A patent for a new Nintendo controller, published by the United States Patent Office on September 7, indicates the Super Mario developer is at least considering how to permanently shake its Joy-Con drift issue. Joy-Con drift, a phenomenon in which your Switch responds to phantom Joy-Con movement, has frustrated Switch owners since the console’s 2017 debut, triggering class action lawsuits, and begetting an official apology from Nintendo, which outsourced some drift repairs to a constantly overwhelmed repair shop in Syracuse. But through all of this Joy-Con misery, Nintendo has failed to incorporate a permanent fix until, maybe, now.

According to the controller patent, which was first filed on May 11, it proposes “a resistance section using a magnetorheological fluid whose viscosity changes with a magnetic-field intensity and which becomes resistance when the operation element is displaced.”

A screenshot from Nintendo's patent shows a square-shaped controller.

Screenshot: Nintendo / Kotaku

“I hope this means we’re getting Joy-Cons that use magnetism not to drift, as a change like that is long overdue,” games writer and accessibility advocate Laura Kate Dale told me over Twitter DM. However, some think the patent could instead hint at Nintendo introducing “force feedback analogue sticks similar to the resistive triggers on PS5” to a future console, Dale says. If that’s the case, “my main hope is that they can be switched off on a system level for disabled players,” she continues.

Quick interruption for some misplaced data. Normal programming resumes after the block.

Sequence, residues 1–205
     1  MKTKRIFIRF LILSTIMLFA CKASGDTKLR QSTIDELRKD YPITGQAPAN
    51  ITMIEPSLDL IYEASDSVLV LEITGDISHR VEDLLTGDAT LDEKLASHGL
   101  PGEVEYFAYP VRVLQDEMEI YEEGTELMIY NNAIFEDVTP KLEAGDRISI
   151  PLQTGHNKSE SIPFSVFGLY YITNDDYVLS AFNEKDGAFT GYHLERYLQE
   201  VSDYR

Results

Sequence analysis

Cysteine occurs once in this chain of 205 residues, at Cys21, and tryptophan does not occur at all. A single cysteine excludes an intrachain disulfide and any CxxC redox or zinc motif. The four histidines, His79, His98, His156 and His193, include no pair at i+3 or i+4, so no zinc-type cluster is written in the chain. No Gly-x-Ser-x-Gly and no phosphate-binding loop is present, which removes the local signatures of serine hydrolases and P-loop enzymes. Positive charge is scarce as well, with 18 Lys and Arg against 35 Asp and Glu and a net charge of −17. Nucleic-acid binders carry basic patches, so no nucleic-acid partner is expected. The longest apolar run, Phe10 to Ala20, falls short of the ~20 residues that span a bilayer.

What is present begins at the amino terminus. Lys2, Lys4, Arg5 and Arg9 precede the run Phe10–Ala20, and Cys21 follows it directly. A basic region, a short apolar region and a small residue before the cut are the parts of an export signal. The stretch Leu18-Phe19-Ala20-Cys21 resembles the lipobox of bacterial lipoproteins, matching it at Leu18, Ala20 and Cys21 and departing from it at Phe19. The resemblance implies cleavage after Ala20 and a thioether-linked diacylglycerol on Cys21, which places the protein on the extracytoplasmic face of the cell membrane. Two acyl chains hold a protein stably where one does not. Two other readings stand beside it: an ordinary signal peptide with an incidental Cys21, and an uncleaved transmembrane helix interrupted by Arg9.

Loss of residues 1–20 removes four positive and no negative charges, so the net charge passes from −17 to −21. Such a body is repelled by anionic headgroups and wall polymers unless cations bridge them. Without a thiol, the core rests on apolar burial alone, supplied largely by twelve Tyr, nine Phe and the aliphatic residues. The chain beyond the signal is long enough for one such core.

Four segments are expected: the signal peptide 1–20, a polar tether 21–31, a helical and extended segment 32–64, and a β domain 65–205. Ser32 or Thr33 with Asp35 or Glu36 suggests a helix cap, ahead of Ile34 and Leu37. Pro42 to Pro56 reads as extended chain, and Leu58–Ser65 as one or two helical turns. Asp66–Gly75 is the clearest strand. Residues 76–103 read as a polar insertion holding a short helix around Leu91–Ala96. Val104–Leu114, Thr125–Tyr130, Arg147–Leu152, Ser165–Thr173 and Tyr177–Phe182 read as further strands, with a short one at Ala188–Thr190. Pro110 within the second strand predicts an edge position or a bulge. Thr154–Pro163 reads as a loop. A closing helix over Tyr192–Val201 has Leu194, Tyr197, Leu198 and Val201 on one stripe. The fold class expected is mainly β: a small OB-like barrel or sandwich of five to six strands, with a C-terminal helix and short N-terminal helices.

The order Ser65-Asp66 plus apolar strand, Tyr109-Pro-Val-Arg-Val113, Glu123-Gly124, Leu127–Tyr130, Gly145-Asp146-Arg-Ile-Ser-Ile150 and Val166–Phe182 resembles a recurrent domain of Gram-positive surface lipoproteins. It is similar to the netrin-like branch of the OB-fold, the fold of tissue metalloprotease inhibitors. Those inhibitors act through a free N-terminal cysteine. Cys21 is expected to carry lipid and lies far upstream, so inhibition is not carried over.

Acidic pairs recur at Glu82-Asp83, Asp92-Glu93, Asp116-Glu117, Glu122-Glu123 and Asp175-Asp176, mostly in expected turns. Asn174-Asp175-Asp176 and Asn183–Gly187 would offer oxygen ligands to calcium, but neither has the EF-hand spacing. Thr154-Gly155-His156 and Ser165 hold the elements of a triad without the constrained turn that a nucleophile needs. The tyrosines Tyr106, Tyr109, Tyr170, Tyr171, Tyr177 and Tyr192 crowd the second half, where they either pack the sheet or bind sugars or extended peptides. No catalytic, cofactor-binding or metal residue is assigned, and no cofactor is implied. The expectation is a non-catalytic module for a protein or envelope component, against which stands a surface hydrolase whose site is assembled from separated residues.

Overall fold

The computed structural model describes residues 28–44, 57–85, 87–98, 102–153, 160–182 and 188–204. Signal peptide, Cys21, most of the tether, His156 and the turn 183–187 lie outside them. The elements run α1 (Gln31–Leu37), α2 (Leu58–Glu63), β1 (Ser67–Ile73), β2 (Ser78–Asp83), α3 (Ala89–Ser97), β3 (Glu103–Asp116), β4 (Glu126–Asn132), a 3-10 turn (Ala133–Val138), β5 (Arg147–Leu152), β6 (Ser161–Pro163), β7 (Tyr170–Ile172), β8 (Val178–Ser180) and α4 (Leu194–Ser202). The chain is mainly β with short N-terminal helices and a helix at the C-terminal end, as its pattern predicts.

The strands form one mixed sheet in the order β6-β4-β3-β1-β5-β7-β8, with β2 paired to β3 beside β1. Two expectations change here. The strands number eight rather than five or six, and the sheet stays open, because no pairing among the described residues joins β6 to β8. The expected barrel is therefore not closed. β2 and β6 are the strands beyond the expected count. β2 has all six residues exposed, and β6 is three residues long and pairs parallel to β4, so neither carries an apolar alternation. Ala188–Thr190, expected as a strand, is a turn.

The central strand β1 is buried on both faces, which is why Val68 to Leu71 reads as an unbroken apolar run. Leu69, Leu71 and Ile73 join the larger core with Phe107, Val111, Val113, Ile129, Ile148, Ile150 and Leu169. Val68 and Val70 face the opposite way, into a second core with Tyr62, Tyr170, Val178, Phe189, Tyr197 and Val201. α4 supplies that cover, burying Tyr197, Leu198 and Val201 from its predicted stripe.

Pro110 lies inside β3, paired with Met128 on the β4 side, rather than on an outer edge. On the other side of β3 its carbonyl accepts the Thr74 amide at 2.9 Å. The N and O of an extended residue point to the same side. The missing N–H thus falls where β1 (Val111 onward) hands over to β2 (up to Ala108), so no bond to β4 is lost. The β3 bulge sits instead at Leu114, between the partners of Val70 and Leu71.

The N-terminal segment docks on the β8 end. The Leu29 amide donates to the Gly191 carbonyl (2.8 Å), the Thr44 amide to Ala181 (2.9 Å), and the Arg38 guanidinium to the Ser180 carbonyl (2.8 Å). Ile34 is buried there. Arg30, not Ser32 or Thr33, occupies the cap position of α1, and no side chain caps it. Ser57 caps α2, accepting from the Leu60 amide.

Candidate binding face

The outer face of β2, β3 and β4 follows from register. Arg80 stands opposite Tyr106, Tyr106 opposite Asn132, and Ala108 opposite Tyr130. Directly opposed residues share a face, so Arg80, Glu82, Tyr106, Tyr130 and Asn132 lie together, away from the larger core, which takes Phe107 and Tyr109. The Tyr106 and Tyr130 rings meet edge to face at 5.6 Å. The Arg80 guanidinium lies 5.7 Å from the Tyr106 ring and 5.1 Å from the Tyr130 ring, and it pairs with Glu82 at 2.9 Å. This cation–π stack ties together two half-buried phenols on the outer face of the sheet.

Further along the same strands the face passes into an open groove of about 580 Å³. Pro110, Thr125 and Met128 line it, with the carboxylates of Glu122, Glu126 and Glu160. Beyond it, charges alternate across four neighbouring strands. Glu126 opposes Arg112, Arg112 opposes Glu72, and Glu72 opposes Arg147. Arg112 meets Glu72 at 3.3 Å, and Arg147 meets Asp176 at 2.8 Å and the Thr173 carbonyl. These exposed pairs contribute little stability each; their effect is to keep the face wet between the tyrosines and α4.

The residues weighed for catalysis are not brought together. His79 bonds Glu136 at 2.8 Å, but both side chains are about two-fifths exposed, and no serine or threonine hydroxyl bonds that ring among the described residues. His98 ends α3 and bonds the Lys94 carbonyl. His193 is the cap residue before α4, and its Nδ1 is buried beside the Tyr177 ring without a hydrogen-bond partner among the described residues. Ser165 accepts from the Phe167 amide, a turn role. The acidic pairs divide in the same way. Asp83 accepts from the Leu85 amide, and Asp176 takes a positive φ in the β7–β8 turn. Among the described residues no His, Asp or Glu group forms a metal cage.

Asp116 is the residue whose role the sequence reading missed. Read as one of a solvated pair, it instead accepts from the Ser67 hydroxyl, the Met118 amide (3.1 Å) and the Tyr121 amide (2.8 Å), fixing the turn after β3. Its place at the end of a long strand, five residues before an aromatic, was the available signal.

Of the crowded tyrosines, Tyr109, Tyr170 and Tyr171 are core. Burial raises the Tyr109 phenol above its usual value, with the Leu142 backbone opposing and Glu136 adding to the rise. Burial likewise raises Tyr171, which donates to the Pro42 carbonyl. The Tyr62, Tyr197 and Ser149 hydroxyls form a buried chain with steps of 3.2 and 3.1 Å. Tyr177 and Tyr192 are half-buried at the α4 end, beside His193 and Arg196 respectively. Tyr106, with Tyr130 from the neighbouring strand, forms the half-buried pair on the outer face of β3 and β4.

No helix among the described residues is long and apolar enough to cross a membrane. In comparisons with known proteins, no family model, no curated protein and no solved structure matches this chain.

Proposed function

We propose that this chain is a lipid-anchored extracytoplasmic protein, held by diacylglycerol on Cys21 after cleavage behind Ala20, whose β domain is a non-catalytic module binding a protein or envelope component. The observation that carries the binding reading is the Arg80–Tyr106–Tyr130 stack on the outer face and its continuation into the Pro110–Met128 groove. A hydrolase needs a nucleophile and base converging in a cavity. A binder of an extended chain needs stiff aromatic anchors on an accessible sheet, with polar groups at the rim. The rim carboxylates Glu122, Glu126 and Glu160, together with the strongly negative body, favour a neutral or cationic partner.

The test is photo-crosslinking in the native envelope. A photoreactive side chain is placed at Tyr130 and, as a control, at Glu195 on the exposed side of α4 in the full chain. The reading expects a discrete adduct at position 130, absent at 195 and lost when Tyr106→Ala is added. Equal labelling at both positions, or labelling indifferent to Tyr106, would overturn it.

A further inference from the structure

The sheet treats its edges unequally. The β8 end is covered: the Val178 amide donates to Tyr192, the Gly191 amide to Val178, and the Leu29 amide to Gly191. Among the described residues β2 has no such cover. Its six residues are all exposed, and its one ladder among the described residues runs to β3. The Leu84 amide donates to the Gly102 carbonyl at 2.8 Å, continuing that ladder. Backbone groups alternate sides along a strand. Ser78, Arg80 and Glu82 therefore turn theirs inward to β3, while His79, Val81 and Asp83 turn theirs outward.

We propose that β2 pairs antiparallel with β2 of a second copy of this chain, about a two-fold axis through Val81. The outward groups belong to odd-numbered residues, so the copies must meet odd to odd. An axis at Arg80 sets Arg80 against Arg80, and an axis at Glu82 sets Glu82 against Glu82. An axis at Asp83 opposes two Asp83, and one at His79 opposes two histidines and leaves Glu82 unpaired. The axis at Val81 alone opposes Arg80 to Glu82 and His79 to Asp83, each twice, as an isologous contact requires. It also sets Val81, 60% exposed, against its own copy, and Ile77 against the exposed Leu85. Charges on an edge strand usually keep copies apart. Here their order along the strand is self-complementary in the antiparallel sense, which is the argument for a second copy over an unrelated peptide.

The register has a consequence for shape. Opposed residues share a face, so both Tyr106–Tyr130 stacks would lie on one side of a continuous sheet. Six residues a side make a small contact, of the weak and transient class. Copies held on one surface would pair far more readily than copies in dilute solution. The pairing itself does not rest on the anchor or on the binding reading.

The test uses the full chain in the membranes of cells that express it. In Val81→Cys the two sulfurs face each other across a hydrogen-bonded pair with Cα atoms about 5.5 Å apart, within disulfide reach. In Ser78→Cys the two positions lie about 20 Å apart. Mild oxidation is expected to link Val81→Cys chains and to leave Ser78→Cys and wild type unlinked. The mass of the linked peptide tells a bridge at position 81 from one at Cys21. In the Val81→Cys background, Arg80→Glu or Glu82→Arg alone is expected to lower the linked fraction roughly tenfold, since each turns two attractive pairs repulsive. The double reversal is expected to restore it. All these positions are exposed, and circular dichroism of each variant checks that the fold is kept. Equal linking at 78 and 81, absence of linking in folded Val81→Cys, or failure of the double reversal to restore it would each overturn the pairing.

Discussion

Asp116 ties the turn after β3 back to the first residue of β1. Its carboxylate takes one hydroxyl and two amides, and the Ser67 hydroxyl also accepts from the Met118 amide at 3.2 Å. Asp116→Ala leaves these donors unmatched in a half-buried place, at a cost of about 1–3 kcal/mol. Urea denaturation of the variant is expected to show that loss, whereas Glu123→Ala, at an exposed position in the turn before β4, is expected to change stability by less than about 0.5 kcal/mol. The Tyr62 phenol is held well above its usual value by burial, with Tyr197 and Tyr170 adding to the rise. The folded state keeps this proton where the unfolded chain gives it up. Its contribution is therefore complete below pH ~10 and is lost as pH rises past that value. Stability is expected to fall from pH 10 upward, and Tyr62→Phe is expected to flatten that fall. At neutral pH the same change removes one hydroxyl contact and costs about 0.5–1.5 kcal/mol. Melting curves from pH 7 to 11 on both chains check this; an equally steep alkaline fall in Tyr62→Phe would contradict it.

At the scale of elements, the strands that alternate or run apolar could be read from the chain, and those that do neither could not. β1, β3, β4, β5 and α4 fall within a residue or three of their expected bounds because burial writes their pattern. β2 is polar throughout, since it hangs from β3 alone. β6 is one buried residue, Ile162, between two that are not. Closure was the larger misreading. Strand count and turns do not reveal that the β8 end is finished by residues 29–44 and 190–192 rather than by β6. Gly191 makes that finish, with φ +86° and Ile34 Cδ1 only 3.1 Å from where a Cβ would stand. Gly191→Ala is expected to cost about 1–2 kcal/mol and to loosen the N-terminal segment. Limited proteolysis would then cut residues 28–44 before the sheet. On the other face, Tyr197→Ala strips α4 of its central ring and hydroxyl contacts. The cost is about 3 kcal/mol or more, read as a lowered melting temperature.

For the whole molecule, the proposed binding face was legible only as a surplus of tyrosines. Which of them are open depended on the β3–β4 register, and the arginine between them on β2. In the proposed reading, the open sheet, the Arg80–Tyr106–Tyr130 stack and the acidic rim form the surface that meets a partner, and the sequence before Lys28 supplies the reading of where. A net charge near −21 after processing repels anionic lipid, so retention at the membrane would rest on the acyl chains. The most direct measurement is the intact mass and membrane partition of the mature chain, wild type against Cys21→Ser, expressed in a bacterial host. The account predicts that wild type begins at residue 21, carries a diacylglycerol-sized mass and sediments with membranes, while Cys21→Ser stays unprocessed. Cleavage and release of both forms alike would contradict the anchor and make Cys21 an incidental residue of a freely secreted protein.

Read More: Nintendo Switch Joy-Con Repair Center Was Constantly Overwhelmed, Claims Former Supervisor

Nintendo’s patent is also kicking up more rumors about the much-asked-for Nintendo Switch 2, which appears to be scheduled for a 2024 release, though some developers reportedly received hands-on time with the device earlier this summer. Kotaku reached out to Nintendo for comment.

“There are a lot of rumors doing the rounds that the Switch 2 is going to basically be a Switch, but with more power under the hood, and a reliance on DLSS-style upscaling to improve framerates and resolution,” Dale, who leaked Switch news in 2016, told me. “As a disabled gamer, I’d love to see a hypothetical Switch 2 make an effort to be more accessible” by adding some features that “are now standard on PS5 and Xbox Series consoles, such as system-level colorblindness filters and accessibility tags on the digital store.” Out with the Joy-Con drift, in with the more accessible gaming future.

 

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